Did Web 1.0 begin dying in September 2008?

Nicholas Moerman has put together an impressive collection of graphs showing a general decline over the past year in visits to mainstream websites across a raft of categories, from content and commerce to portals and porn. The only sites that buck the trend? I’ll let you guess.

He doesn’t know why this is (or even if he’s seeing things), which is rather refreshing, but offers some ideas, and it’s certainly food for thought. Here it is:

10 thoughts on “Did Web 1.0 begin dying in September 2008?

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  2. Stilgherrian

    “The web” is not “the internet”. Internet traffic and participation continues to rise, as it always has done. What is shifting is the balance of usage between big-brand centralised sources of information which people passively consume, and people participating in their own conversations with the people that matter to them — friends and family.

    The graphs are only “impressive” because he’s cherry-picked them to illustrate a theme. Factoids like that are not insights.

  3. James

    September is only a couple of months after the release of the second generation iPhone – I wonder if this has anything to do with the trend away from those sites.

  4. Paul Bradshaw

    @Stilgherrian Yes, I was a little uncomfortable with the use of the word ‘internet’ so have now replaced it with ‘Web 1.0’ which is more accurate if a little buzzwordy.
    As for cherry-picking, his blog post suggests that he saw one trend, checked a whole bunch of sites and kept seeing it, with the exception of a few sites that are shooting up. The presentation is asking a question, not pushing a particular agenda, so less likely to be cherry-picked. The easiest way to check, of course, is to look at similar data for other sites using Google Trends.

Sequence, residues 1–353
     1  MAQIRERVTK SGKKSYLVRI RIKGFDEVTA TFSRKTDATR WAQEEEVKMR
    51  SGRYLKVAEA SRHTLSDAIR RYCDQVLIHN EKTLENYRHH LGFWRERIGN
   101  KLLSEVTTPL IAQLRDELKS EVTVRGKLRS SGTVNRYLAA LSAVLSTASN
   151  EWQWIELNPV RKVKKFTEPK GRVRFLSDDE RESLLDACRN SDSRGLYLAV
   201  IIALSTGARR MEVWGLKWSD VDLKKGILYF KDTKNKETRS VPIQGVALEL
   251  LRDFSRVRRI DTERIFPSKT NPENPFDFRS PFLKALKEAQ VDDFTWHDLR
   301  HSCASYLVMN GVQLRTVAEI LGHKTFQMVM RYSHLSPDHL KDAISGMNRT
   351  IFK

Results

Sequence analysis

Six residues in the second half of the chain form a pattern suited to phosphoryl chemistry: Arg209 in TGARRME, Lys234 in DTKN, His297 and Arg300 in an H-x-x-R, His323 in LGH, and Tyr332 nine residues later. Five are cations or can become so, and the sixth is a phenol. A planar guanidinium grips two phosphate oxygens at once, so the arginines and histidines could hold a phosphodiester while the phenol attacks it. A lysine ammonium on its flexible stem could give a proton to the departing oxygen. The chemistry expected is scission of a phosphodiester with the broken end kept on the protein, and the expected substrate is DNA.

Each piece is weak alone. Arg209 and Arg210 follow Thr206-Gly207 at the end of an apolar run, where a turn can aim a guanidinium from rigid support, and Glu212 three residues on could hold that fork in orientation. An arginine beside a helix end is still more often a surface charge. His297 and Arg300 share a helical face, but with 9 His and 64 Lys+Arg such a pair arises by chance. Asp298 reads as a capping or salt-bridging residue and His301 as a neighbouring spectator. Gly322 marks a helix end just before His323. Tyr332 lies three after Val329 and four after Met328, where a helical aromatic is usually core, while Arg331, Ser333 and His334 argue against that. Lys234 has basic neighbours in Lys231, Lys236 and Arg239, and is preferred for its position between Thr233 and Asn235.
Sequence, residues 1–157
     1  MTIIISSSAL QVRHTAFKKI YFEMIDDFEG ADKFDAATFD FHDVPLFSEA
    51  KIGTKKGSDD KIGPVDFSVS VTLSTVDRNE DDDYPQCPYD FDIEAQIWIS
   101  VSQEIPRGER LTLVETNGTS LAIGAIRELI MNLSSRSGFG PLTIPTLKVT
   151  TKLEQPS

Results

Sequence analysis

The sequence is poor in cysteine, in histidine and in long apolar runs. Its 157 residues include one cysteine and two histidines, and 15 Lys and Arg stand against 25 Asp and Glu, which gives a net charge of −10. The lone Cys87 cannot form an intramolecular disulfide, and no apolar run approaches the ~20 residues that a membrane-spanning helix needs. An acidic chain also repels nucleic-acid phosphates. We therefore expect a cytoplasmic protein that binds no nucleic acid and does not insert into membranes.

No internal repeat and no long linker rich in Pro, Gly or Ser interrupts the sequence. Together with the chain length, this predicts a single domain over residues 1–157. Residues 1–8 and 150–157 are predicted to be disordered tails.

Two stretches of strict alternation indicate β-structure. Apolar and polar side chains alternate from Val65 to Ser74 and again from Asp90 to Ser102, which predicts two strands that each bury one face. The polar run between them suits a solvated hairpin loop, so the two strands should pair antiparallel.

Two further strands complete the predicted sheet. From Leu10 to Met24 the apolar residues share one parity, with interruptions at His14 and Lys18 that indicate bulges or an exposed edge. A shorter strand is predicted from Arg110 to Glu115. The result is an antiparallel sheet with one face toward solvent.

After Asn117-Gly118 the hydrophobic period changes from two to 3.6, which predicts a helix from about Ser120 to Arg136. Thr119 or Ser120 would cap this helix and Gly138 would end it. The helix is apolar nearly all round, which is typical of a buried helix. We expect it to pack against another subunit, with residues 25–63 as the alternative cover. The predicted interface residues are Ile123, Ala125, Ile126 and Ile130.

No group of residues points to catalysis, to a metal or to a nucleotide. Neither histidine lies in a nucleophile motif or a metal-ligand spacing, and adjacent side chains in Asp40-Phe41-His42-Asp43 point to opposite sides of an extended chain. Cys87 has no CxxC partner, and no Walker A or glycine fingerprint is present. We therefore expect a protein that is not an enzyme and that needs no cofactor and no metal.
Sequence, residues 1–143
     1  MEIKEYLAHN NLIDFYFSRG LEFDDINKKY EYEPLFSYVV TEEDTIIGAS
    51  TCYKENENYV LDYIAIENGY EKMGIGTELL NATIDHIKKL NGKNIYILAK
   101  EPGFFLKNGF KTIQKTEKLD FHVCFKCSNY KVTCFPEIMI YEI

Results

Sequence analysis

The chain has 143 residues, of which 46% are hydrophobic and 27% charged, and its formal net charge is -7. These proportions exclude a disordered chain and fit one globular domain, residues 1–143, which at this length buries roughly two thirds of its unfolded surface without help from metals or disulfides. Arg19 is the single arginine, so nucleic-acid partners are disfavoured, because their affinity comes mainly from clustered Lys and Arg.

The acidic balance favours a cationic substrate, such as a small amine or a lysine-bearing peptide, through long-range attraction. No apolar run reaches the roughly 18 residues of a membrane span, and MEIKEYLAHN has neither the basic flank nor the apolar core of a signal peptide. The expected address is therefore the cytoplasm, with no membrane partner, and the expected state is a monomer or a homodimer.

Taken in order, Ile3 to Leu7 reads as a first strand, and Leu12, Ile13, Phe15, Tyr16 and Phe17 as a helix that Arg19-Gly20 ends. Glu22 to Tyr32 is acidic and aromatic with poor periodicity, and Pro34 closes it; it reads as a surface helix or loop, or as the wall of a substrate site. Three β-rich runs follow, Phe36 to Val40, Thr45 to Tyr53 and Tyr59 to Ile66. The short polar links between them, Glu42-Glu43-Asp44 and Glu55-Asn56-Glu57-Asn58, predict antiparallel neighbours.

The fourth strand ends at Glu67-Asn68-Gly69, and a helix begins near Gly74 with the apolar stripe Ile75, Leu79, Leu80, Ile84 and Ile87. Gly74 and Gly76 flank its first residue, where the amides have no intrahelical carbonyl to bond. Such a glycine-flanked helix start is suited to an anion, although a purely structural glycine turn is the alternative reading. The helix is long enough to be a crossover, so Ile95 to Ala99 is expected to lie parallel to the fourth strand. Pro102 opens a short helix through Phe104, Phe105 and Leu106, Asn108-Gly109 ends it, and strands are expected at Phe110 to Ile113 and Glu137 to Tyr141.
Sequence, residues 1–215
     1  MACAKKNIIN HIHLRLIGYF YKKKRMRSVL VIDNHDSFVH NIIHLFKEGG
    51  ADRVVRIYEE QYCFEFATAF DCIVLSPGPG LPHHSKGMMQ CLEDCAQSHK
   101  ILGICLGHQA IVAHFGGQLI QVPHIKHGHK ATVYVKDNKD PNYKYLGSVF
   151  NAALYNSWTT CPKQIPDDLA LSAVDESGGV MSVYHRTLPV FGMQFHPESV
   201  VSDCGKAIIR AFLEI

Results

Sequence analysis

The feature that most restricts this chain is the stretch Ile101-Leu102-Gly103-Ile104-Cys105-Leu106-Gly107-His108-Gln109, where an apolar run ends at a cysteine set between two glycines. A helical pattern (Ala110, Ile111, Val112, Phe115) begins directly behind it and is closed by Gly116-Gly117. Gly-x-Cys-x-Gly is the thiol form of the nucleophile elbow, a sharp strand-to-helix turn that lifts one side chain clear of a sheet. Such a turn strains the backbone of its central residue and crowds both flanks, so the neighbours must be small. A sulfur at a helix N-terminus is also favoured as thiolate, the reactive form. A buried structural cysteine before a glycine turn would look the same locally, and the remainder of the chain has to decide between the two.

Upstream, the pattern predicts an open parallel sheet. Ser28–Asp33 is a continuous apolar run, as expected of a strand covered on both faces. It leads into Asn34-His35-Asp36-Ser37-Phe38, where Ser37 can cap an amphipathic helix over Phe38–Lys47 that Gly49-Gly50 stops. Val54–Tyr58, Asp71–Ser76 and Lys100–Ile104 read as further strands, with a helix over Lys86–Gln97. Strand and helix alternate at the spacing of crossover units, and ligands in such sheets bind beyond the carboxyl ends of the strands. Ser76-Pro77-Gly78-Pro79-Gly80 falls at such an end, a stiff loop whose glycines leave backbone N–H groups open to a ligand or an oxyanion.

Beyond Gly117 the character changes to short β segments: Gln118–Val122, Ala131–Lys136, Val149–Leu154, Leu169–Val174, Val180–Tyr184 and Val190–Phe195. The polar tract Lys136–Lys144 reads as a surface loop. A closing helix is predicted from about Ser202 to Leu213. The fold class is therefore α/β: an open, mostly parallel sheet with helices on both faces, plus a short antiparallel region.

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  6. nicolas.

    I’ve been seeing that a lot in France & the EU recently, too. But this Google Trend data contradicts almost every other traffic analytics.

    My guess: Google modified the way it computed its traffic estimations in late 2008.

  7. Stilgherrian

    @nicolas: I wonder if you’re right about Google Trends changing their methodology. I’ll follow that up with Google. Stand by.

    @Paul Bradshaw: I’m seeing a similar audience decline, albeit not necessarily starting in September 2008, for the websites of some random UK newspapers, major Australian newspapers and, quite recently, for Australian political comment websites.

    Apart from possible explanations like the global financial crisis or changes to Google’s secret sauce, it could perhaps also be a change in things like users’ security software or ISPs’ proxying methods which produce a systematic error — but then Google presumably tries to filter out those artefacts?

    Over at Compete I’m seeing roughly equivalent declines in some sites, like the Sydney Morning Herald‘s, but not others.

    Mind you, I’m doing this all “by eye” rather than downloading the numbers and doing a proper statistical analysis.

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